Platt Perspective on Business and Technology

If you want your company to be more innovative 7: communication and innovation openness in the face of due diligence barriers 2

Posted in HR and personnel, social networking and business by Timothy Platt on August 1, 2013

Improving a business as a competitive enterprise, and making it more effectively communicative and collaboratively innovative, can be as simple as providing employees with a place where they can come together and talk. My goal for this series is to at least briefly outline an approach for facilitating conversation and the sharing of ideas and for collaboration in a business, as an enabler of innovative excellence (see HR and Personnel, postings 165 and loosely following for Parts 1-6.)

I began in Part 6, discussing approaches for maintaining effective collaborations in organizations bounded by a need to compartmentalize in order to control access to confidential and proprietary information. My goal there was simply to lay out some of the foundation issues that would go into developing best practices work-arounds for retaining the value achievable from a more open sharing of information and insight, even when barriers to that have to be in place. My goal for what follows is to take the discussion of Part 6 at least somewhat out of the abstract by fleshing it out with some specific, real-world examples. And I begin in-house and with organized and self-organized initiatives to develop new and even disruptively new and innovative products and services.

• New products and services might very well begin with the creative insight of one individual, but translating a new product or service concept into a working prototype-level model, and refining that to be a cost-effective, polished, marketable offering often means bringing together a fuller development team.

I have written at least relatively extensively about these teams, and about setting them up and managing them, and about contributing to them in my series: Keeping Innovation Fresh (see Business Strategy and Operations – 2, postings 241 and loosely following for Parts 1-16.) And within that I specifically recommend reviewing its Part 7 where I first formally introduced an organizational construct for carrying through on this type of collaboration: the transition committee, and subsequent series installments where I discussed that approach in more detail.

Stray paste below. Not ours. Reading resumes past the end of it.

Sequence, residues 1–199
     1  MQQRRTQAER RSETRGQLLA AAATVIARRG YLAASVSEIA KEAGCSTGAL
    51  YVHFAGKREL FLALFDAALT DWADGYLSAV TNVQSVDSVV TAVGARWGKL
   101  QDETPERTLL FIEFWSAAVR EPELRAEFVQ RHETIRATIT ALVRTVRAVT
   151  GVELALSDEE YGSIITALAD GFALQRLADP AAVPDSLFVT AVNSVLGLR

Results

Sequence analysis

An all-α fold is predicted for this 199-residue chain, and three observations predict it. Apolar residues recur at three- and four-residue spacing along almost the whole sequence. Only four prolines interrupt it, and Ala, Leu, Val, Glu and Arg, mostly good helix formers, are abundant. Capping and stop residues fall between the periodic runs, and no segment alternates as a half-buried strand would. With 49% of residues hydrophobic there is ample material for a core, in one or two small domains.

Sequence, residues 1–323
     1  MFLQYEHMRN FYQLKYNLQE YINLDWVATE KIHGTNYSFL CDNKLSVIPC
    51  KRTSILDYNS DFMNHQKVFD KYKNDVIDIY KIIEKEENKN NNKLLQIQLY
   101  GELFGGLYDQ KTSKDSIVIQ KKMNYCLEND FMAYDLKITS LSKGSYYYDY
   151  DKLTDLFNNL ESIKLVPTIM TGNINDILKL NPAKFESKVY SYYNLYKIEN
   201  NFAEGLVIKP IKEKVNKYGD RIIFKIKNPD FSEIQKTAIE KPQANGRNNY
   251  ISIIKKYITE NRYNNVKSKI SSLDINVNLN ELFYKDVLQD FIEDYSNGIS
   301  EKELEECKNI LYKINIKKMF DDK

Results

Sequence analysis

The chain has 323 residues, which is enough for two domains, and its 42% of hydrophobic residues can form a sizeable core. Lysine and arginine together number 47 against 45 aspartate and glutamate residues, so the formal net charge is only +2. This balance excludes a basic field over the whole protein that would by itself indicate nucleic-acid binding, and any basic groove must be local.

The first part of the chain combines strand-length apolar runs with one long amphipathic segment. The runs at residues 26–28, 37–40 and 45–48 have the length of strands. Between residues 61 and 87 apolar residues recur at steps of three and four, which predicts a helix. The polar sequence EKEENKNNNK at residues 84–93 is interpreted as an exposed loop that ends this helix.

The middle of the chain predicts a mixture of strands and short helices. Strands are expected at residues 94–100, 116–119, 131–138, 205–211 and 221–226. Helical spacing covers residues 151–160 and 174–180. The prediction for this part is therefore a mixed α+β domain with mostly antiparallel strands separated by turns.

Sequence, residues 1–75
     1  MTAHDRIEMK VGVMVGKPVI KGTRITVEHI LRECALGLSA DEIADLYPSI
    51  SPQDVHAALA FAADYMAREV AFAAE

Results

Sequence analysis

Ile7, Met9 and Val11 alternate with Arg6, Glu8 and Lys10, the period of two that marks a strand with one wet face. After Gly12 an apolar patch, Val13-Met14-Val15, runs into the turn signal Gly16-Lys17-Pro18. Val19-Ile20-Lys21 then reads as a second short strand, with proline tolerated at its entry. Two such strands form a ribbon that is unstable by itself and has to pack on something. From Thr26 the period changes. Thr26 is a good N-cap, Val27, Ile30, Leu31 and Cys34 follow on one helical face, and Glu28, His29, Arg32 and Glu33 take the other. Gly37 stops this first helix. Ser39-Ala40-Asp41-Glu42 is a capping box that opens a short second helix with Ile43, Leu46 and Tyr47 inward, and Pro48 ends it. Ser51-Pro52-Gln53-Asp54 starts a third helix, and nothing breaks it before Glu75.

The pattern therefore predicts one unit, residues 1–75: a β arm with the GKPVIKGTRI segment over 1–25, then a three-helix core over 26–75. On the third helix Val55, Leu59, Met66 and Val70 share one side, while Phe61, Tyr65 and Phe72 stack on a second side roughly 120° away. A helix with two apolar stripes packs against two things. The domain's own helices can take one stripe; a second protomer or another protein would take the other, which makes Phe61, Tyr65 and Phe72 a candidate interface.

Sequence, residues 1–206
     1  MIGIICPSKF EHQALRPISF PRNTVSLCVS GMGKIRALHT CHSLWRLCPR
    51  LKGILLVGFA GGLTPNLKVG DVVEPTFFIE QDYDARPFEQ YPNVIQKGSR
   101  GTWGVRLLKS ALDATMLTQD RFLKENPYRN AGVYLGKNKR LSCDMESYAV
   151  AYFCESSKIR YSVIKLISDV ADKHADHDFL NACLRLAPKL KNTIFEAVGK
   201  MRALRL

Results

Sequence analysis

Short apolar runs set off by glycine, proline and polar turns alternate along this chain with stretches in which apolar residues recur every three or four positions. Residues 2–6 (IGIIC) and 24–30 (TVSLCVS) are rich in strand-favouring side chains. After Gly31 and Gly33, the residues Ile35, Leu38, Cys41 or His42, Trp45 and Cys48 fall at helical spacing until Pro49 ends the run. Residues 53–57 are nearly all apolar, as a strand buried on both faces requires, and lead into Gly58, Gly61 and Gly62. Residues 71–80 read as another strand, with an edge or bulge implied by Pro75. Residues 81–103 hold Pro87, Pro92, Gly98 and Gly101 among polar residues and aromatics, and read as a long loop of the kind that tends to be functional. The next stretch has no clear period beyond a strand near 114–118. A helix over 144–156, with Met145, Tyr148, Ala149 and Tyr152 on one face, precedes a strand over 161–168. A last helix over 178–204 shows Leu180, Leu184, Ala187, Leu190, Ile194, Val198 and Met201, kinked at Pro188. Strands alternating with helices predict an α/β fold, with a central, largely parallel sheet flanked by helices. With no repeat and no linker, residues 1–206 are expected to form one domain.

• A transition committee, or alternative approach for organizing and fleshing out an innovative idea into a marketable, profitable offering can arise as a matter of top-down organizing decision, from higher up on a table of organization – in which case it might very well be formed late and reactively and when any first mover advantage would be minimal.
• Or it could arise and develop more rapidly and spontaneously from the bottom up, forming as a self-organizing group around an individual or individuals who come up with an initial idea.
• Or this type of collaborative team, group or committee could arise and form in effect from both directions at once, organizing from the bottom up with self-recruitment as well as from recruitment by invitation, but also with overall organizational support for being able to do this.

Whichever of these approaches applies in the specific instance, an effective information infrastructure for enabling these collaborations would:

• Enable the right people to find and work with each other who all have any necessary information access permissions,
• Facilitate the co-creation of sharable documents and other informational resources for their collaborative use,
• Manage who has access to what of those information resources,
• Track who is actually accessing what of that and from where and when,
• Log version changes and document and other resource additions and deletions to this shared resource base,
• Provide back-up capability so if, for example, one server computer were to go off-line any pertinent files on it were still going to be intact and available,
• With automatic and documented synchronization between serves that carry what should be duplicates of these resources,
• And identify and track when anyone seeks unauthorized access to any of this.

On a technology side this system would be owned by Information Technology, working in collaboration with Security and Risk Management. On an overall content management side this would be owned by the specific departments and services that members of these teams come from and that shared data and information content would come from. Overall ownership and leadership in this would come from Human Resources as the Personnel-facing owner of this system and its organization-wide processes and practices as a whole. (Note that I very emphatically call for a much more active and involved HR department here than just the baseline personnel records and documentation managers of HR that only manage personnel folders for individual employees and their benefits packages, etc. I assume here a more actively involved 21st century HR department here.)

I am going to continue this discussion with a second, externally driven example where legal requirements dictate limitations as to who is allowed access to what information and under what circumstances. Meanwhile, you can find this and related postings at HR and Personnel and Social Networking and Business.


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